NEW YORK — Major League Baseball players have the option of having a patch with “Black Lives Matter” or “United For Change” on a jersey sleeve on opening day of the pandemic-delayed season.
Teams have the option of stenciling an inverted MLB logo with “BLM” or “United for Change” on the back of the pitcher’s mound during opening weekend games.
After discussions among the commissioner’s office and the Major League Baseball Players Association, The Players Alliance and individual players, each player may use a wristband with an inverted MLB logo in which the silhouetted batter is black, the first use of such a logo.
Each player also may use a Black Lives Matter batting practice T-shirt or a T-shirt designed or obtained by the player or his team.
MLB is lifting cleat restrictions for this season, giving players the ability to put messages for social justice and causes on their spikes.
Jersey patches would go on the left sleeve unless a team has an existing patch there, in which case the new one would go on the right sleeve. The special patches will be used Thursday and Friday.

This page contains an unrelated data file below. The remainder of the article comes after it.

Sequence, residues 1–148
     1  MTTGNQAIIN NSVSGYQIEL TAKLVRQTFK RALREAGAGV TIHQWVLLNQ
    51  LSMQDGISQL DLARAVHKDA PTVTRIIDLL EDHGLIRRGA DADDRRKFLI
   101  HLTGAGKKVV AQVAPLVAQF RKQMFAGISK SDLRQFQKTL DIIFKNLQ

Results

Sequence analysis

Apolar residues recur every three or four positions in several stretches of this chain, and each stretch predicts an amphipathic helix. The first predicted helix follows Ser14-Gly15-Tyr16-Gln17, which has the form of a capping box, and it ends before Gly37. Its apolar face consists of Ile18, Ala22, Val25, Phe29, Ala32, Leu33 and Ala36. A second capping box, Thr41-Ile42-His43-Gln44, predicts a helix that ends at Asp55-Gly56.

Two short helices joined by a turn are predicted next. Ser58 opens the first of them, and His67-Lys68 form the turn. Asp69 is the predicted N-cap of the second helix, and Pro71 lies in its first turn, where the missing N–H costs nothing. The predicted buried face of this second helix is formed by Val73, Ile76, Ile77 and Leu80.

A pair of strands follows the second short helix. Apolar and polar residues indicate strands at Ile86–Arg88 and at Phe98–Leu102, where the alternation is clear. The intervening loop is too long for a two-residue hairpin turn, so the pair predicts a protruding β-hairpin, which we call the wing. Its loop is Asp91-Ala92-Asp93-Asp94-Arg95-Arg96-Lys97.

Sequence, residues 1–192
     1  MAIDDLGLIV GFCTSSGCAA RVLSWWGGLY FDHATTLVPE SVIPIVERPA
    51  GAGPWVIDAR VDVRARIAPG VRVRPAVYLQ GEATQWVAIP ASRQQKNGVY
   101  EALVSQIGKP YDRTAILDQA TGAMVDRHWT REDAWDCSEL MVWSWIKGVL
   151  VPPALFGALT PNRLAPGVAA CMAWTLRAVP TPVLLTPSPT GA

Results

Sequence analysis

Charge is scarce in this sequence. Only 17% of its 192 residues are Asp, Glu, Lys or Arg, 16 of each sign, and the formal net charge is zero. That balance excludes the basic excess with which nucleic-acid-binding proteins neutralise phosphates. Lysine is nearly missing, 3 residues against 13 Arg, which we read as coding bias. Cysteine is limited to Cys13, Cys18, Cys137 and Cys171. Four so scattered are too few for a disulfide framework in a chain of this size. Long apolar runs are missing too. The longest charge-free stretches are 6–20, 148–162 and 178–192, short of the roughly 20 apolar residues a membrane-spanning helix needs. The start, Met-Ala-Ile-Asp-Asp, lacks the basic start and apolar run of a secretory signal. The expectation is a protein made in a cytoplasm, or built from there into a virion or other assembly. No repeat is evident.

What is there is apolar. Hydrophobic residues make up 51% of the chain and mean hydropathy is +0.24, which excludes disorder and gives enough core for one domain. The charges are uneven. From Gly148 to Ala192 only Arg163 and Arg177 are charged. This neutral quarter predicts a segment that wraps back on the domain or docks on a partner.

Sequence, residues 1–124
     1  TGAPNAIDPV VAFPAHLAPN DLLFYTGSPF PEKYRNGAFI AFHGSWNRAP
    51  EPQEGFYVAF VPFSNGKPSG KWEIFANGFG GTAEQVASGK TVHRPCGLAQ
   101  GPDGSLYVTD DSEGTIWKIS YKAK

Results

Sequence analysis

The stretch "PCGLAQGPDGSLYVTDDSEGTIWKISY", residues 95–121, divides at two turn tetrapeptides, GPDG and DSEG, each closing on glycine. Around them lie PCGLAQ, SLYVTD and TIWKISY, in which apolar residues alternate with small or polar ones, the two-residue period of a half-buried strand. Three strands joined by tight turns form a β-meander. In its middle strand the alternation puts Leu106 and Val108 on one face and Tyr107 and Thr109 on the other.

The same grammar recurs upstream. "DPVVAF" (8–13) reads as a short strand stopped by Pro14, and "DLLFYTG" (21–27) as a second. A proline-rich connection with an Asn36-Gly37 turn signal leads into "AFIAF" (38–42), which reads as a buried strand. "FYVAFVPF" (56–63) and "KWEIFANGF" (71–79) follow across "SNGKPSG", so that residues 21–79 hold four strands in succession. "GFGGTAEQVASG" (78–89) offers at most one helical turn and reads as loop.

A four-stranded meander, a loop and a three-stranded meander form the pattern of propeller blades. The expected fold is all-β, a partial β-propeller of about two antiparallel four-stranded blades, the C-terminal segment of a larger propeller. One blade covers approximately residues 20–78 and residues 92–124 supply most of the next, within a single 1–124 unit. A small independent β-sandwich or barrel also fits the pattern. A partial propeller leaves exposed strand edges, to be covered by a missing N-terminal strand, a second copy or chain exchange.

The initiatives that start Thursday were designed to allow players to show support for social justice generally, and diversity and inclusion in baseball. They were deliberately made flexible, allowing players to make individual decisions.
T-shirts with the messages and the special wristbands may be used for the entire season.
When the English Premier League resumed last month, player names were replaced with “Black Lives Matter” during the opening games.
In addition, the World Series champion Washington Nationals will have a black heart in center field with “D.C.” in the middle starting with Thursday night’s MLB season opener against the New York Yankees. The heart is meant to show support for the D.C. community, the Nationals said.
MLB said that since the death of George Floyd on May 25 it had enhanced existing partnerships with the Jackie Robinson Foundation and the Negro Leagues Baseball Museum and also made new investments in the NAACP Legal Defense and Education Fund and launched a Diverse Business Partners Recovery Project.
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